BP Variability and Cardiovascular Autonomic Function in Relation to Forced Expiratory Volume: A Population-Based Study.

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Abstract

Background Cardiovascular autonomic dysfunction is associated with increased incidence of cardiovascular diseases (CVD). This population-based study explored whether low FEV(1) or low vital capacity (VC) is associated with autonomic dysfunction, as measured by the spontaneous heart rate variability (HRV) and systolic BP variability (SBPV). Methods SBPV and HRV were recorded during 5 min of controlled breathing in men and women, aged 70 years. FEV(1) and VC were recorded in 901 subjects. Of them, information on HRV and SBPV was available in 820 and 736 subjects, respectively. Measures of autonomic function, ie, SBPV in the low-frequency (LF) and high-frequency (HF) domains, HRV and baroreceptor sensitivity (BRS), were studied in sex-specific quartiles of FEV1 and VC. Results Low FEV(1) was associated with high SBPV in the HF domain. Mean SBPV-HF was 5.2, 4.5, 4.1 and 3.8 mm Hg, respectively, in subjects with FEV(1) in the first (low), second, third and fourth quartile (trend: p < 0.001). This relationship persisted after adjustments for potential confounding factors. Low VC was significantly associated with high SBPV-HF in the crude analysis, but not after adjustment for confounding factors. Neither FEV(1) nor VC showed any significant relationship with BRS, HRV or SBPV in the LF domain. Conclusion In this population-based study, low FEV(1) was associated with high systolic BP variability in the HF domain. It is suggested that high beat-to-beat variability in BP could contribute to the increased cardiovascular risk in subjects with moderately reduced FEV(1).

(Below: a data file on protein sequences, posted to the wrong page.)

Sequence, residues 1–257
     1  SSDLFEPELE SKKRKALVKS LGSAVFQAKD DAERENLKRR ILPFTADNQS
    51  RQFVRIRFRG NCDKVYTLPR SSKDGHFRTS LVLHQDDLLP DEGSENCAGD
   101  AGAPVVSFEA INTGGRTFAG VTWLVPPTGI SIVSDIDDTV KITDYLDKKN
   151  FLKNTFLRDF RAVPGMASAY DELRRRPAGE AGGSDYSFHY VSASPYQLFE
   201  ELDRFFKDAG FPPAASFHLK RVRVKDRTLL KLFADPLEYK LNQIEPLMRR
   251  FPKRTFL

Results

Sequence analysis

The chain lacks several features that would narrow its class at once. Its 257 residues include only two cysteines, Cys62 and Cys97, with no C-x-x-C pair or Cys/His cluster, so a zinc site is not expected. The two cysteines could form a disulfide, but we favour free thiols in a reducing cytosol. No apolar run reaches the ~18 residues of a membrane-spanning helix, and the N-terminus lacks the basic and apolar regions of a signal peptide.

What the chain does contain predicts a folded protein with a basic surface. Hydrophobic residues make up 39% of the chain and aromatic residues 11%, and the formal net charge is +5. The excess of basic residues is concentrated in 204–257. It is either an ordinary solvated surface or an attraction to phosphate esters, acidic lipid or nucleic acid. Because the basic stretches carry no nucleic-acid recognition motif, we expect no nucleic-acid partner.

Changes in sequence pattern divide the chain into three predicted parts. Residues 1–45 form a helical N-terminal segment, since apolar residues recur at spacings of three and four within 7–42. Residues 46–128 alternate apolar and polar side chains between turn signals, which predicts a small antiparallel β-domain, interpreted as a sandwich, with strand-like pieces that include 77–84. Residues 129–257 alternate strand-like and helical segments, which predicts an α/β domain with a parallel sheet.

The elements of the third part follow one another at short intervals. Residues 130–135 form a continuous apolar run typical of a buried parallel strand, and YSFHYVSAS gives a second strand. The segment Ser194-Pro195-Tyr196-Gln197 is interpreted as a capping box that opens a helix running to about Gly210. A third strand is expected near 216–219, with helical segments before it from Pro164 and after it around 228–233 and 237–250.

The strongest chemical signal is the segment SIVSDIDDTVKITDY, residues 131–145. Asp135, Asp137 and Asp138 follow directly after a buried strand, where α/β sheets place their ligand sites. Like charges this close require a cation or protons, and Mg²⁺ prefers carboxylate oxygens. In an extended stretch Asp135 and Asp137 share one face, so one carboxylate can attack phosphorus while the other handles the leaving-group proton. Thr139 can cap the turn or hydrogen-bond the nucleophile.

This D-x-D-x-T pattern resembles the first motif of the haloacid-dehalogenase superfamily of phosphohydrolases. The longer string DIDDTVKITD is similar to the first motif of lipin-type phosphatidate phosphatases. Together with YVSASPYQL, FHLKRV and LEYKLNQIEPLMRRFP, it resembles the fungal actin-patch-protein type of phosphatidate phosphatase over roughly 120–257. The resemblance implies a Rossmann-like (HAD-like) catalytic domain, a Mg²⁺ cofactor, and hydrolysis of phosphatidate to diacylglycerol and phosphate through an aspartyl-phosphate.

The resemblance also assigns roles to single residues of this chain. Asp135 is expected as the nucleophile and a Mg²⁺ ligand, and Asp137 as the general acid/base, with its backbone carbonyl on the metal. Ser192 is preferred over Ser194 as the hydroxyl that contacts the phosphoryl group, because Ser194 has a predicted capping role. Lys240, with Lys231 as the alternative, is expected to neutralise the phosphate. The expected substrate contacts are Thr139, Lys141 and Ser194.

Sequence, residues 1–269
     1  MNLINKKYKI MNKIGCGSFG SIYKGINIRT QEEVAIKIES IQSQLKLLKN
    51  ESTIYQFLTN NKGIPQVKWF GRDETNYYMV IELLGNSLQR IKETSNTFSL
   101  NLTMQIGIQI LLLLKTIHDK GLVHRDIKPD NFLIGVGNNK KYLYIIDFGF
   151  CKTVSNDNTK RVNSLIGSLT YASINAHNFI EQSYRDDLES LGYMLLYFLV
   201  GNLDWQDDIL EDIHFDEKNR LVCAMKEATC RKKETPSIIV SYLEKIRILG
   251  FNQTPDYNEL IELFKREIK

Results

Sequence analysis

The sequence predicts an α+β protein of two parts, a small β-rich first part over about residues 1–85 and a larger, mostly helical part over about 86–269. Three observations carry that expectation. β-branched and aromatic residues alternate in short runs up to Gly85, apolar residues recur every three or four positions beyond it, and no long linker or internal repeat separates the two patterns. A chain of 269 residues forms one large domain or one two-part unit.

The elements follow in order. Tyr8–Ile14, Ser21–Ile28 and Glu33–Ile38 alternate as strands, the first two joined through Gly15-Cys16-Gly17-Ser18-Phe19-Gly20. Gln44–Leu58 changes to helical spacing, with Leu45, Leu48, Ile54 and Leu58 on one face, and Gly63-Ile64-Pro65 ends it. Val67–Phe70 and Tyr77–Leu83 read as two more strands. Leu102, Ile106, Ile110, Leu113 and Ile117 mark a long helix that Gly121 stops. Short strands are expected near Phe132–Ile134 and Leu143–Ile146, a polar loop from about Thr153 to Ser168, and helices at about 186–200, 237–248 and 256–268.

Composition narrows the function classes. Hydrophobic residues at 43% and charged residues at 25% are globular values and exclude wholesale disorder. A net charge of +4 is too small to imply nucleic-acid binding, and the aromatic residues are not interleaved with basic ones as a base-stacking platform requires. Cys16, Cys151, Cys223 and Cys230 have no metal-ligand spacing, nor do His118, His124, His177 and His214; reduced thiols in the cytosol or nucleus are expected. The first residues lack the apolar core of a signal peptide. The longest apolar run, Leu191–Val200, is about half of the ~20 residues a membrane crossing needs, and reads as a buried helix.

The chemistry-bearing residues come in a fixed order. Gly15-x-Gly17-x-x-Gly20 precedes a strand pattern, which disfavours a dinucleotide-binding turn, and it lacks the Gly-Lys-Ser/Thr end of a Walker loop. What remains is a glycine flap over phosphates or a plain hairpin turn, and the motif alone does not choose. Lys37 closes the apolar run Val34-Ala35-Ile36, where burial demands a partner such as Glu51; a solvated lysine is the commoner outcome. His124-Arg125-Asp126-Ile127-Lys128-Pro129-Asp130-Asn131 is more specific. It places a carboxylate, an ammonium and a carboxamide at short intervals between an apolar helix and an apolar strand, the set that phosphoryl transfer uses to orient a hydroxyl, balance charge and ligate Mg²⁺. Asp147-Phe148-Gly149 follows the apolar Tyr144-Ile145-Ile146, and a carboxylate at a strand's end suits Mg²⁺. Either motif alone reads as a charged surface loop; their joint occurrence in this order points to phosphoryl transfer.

Detaljer

Författare
  • Gunnar Engström
  • Maria Gerhardsson de Verdier
  • Magnus Dahlbäck
  • Christer Janson
  • Lars Lind
Enheter & grupper
Forskningsområden

Ämnesklassifikation (UKÄ) – OBLIGATORISK

  • Lungmedicin och allergi
Originalspråkengelska
Sidor (från-till)177-183
TidskriftChest
Volym136
Utgåva nummer1
StatusPublished - 2009
PublikationskategoriForskning
Peer review utfördJa